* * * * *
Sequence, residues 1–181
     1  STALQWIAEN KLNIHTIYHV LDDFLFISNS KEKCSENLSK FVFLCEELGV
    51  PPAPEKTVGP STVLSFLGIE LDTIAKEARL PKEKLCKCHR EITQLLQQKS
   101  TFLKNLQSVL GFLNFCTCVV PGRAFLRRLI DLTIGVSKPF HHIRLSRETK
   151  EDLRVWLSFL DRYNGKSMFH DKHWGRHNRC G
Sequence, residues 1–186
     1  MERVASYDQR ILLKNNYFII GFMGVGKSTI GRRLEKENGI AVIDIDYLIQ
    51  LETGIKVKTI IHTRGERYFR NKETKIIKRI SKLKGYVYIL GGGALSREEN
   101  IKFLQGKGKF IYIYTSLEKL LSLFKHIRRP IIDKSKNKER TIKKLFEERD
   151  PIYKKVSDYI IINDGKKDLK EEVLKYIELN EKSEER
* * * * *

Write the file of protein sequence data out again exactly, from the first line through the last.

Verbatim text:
Sequence, residues 1–181
     1  STALQWIAEN KLNIHTIYHV LDDFLFISNS KEKCSENLSK FVFLCEELGV
    51  PPAPEKTVGP STVLSFLGIE LDTIAKEARL PKEKLCKCHR EITQLLQQKS
   101  TFLKNLQSVL GFLNFCTCVV PGRAFLRRLI DLTIGVSKPF HHIRLSRETK
   151  EDLRVWLSFL DRYNGKSMFH DKHWGRHNRC G
Sequence, residues 1–186
     1  MERVASYDQR ILLKNNYFII GFMGVGKSTI GRRLEKENGI AVIDIDYLIQ
    51  LETGIKVKTI IHTRGERYFR NKETKIIKRI SKLKGYVYIL GGGALSREEN
   101  IKFLQGKGKF IYIYTSLEKL LSLFKHIRRP IIDKSKNKER TIKKLFEERD
   151  PIYKKVSDYI IINDGKKDLK EEVLKYIELN EKSEER